- Free Agency
I’m a bit of an anomaly when it comes to my rooting interests.
I’m an Argonauts fan who also roots for the Tiger-Cats as long as they’re not taking on the Double Blue. I have no love for the QEW, but I do have some love for both organizations.
Now before you rightfully accuse me of being a CFL Polygamist, let me explain.
When I think of Ivor Wynne Stadium, my first memories are of McMaster Football, not the Tiger-Cats. Not only was I student at McMaster, but I also did the radio play-by-play for the Marauders.
|Photo Essay: Inside Ivor Wynne|
As one of the most storied stadiums in the world prepares to close its doors, award winning photographer Adam Gagnon captures the charm of Ivor Wynne Stadium.
During my undergrad years, the team was so bad they would be routinely outscored by the baseball team; to say the team was irrelevant would be an understatement.
But then in my senior year the team hired Greg Marshall as their new head coach and he immediately transformed the entire culture of the team. I was covering the team for the school paper and would soon be invited to do the radio calls for the team, a job I held for nearly a decade.
I know this is sounding autobiographical, and I apologize, it will lead back to Ivor Wynne soon, I promise.
For most of those years the home games were at the University while the bigger playoff games would shift to Ivor Wynne. During my final days, the University tore down the old stadium to make way for the shiny new Ron Joyce Stadium.
That meant that every Marauder home game would now be at 75 Balsam Avenue. It was such a thrill to be calling games from a real life press box filled with free food, an excellent media relations staff and local media celebrities like Stephen Brunt exposing on the 40 time of Jesse Lumsden.
Now if I may indulge you for one more autobiographical moment, because I absolutely have to.
I can’t think about Ivor Wynne without reminiscing about my old broadcast partner, Dr. Donald Dawson … or as everyone called him Dr. Don. I could tell a thousand stories about his enthusiasm for the game, the times his near 70-year-old body would scale the sides of press boxes up a ladder just to get to the roof where the visiting teams were forced to call the games.
Did I mention he would also be carrying the majority of our broadcast equipment during his ascent? In so many ways we could not have been more different. He was 30+ years my senior, would not understand half of my pop culture references and had a far higher constitution for colder weather.
But we both shared a love for Canadian football and for the city of Hamilton. He passed away in the summer of 2010. So when I think about Ivor Wynne, Dr. Don will occupy my thoughts before Flutie, Montford or McManus.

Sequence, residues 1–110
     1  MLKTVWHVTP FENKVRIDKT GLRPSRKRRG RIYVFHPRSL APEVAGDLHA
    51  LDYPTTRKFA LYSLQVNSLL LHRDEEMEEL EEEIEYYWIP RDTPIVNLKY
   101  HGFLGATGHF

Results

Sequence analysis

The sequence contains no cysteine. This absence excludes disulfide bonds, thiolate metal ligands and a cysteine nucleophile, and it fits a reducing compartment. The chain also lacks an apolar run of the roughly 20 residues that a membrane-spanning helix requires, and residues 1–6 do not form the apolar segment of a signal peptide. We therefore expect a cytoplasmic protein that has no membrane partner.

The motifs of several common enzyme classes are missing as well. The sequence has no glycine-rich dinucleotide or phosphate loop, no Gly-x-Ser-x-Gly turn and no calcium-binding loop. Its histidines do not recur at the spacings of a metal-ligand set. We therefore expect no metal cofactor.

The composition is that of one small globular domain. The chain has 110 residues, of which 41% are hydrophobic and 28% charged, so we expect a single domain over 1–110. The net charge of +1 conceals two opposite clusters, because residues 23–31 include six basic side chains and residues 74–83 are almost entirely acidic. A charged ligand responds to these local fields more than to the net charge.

I so miss those days of calling games with him. I miss being delighted the first time we got free pizza, I miss watching the growth of Ben Chapdelaine, Adam Archibald, Jesse Lumsden, Jason Pottinger, Chris Van Zeyl and so many more. I miss the small fraternity of fans we got to know who were at every home game. I miss Dr. Don.
I understand why moments like the Argonauts’ 43-37 Grey Cup win over Edmonton in the snow or the Danny McManus glory years are the prominent memories for most people; but for me it will be feeling like I was almost a professional broadcaster calling games with my friend at Ivor Wynne Stadium.
Now I can’t finish this article without at least one funny story.
I can’t remember the exact date, but it was during the 1997 season when the Argonauts, led by Flutie, were an absolute juggernaut. Hamilton on the other hand, well let’s just say that it was a transitional year.
Sitting in the stands with my friends we soon realized it was better to just enjoy every touchdown quietly while gulping back bad beer and shady hot dogs. I always got a kick out of the one mysterious fan with a mega phone who always knew when to bellow out insults at Paul Masotti.
I have no idea why Masotti was his target but this guy had his timing down. He could perfectly anticipate when those moments of dejected silence would fill the stadium. Now in writing there is nothing really funny of the line “You suck Masotti”, you just had to be there in the stands it was hilarious.
But the best moments were early in the fourth quarter with the score 88-1 (Mercy rouge).
The crowd, undeterred by the score would start chanting “Leafs Suck”. I always got a kick out of a crowd who still found a way to insult the city of Toronto.
Yes the stadium had a thousand warts, but I never went to games for luxury and comfort, I just went to watch football. Thanks for the memories.